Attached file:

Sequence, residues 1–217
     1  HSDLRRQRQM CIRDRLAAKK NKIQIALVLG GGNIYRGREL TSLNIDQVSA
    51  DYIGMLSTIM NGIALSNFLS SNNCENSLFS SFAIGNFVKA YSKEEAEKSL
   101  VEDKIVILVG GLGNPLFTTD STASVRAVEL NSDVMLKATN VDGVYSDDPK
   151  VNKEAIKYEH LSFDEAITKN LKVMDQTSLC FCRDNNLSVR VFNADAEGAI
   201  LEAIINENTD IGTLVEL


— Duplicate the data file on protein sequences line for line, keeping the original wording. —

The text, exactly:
Sequence, residues 1–217
     1  HSDLRRQRQM CIRDRLAAKK NKIQIALVLG GGNIYRGREL TSLNIDQVSA
    51  DYIGMLSTIM NGIALSNFLS SNNCENSLFS SFAIGNFVKA YSKEEAEKSL
   101  VEDKIVILVG GLGNPLFTTD STASVRAVEL NSDVMLKATN VDGVYSDDPK
   151  VNKEAIKYEH LSFDEAITKN LKVMDQTSLC FCRDNNLSVR VFNADAEGAI
   201  LEAIINENTD IGTLVEL